Which composer or performer would you recommend as an introduction to jazz? Explain your reasons for your choice.

Which composer or performer would you recommend as an introduction to jazz? Explain your reasons for your choice.
I'd start with
84% (108 votes)
Haven't a clue
16% (20 votes)
Total votes: 128

Continuing with the theme started with last week's question: Which single composer or performer would you recommend to introduce someone to jazz music? And why?

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COMMENTS
Chris S.'s picture

Miles Davis' Kind of Blue—you start with the best, of course!

Juan Hitters's picture

Tord Gustavsen

Phil-Cincinnati's picture

Cannonball Aderly. He is one of the most overlooked performers. Many people point to Mile Davis and John Coltrane, but the beauty of Cannonball is that he could accentuate any performance with his horn or commandingly lead the performance. Try the album Something Else.

jeff's picture

Bill Evans. In the groove and easy to listen to.

Scott Atkinson's picture

Miles. People who love jazz may be burned out on him after the torrent of boxed sets of the last few years, but he's still the musician most likely to make jazz understandable, make it important, and make you feel something—even if you don't know/care anything about it.

Jeffus's picture

Is your friend into classical music? Give him John Coltrane with McCoy Tyner—passionate, elegant, timeless music, every note essential. A devout rocker? Preset the volume at 11, then light up Miles Davis’ Jack Johnson soundtrack. On "Right Off," John McLaughlin flays an enormous lightning-powered guitar/beast, and it rawks! Your friend will dance, scream, head-butt the couch and bless you. A country music fan? Throw him some Dixie Dregs. Not sure their music is “jazz,” but it’s nothing else either. Great tunes, awesome musicianship, and a lot of fun.

df's picture

Miles Davis' Kind of Blue. Though personally for me, it was folks like Grover Washington Jr. and even the fusion of Jean Luc Ponty that had me making my first forays into the land of jazz when I was rock-loving teen. My first purchase/listen to Kind of Blue was an embarrassing 20 years later, but the moment was an epiphany. For the hard-rock loving I might suggest The Jack Johnson Sessions, or even Bitches Brew. For the more light-rock folks, perhaps some of the early quintet releases. But Kind of Blue is such a superlative album—a true musical milestone. It's hard to imagine anyone not liking it.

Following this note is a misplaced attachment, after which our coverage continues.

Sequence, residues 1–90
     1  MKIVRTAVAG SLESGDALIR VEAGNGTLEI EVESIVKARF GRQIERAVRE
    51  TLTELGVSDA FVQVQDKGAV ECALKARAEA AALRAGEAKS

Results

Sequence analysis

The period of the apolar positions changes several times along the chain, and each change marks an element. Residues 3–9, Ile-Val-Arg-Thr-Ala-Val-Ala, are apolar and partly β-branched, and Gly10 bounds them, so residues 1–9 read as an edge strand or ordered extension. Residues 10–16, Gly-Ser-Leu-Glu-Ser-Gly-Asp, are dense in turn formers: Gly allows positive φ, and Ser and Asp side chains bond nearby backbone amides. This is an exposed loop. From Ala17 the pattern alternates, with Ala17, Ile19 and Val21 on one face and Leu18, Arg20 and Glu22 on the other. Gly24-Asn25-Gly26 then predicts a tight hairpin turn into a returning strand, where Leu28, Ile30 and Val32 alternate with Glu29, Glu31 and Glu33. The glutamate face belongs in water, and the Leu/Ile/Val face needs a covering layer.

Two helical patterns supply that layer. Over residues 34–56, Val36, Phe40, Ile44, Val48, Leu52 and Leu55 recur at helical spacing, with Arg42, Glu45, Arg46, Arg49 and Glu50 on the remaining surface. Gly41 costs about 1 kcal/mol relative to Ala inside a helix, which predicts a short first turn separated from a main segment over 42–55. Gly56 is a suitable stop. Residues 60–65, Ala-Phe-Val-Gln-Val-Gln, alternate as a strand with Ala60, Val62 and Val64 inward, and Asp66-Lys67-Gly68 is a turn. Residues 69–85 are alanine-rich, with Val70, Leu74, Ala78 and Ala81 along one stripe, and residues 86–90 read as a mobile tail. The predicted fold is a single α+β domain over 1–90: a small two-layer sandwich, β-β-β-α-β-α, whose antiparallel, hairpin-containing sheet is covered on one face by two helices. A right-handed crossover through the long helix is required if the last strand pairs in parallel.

Serpieri's picture

Louis Armstrong. The heart of it all.

daryl from winnipeg's picture

I love Sonny Rollins. He is my favorite but I think that Miles Davis' Columbia recording '58 Miles is amazing. Birth of the Cool is also a great start. These albums feature great artists that the listener can then pick from next such as John Coltrane and Paul Chambers.

Mark's picture

Miles Davis. This one's an easy one compared to the classical question. He played in, if not acted as a pioneer, of several modern jazz schools. His discography is jazz.

R Heisey's picture

Miles Davis' Someday My Prince Will Come. The title track, and the second track, "Old Folks," are beautifully melodic, accessible, and full of all the spit, noise, and soul you can squeeze through a Harmon mute. Second, Keith Jarrett at his best—possibly the 4th track from the Koln Concert (sometimes called "Memories of Tomorrow, vastly over-played and somewhat cloying, but then again, we're talking about something for newbs here, right?), or one of the standards like "Little Girl Blue" or "Blame it on my youth" where he plays his heart out and doesn't quack like a duck. Finally, Fred Hersch playing "This Nearly Was Mine" or "The Nearness Of You" (the latter from Let Yourself Go). What a beautiful player.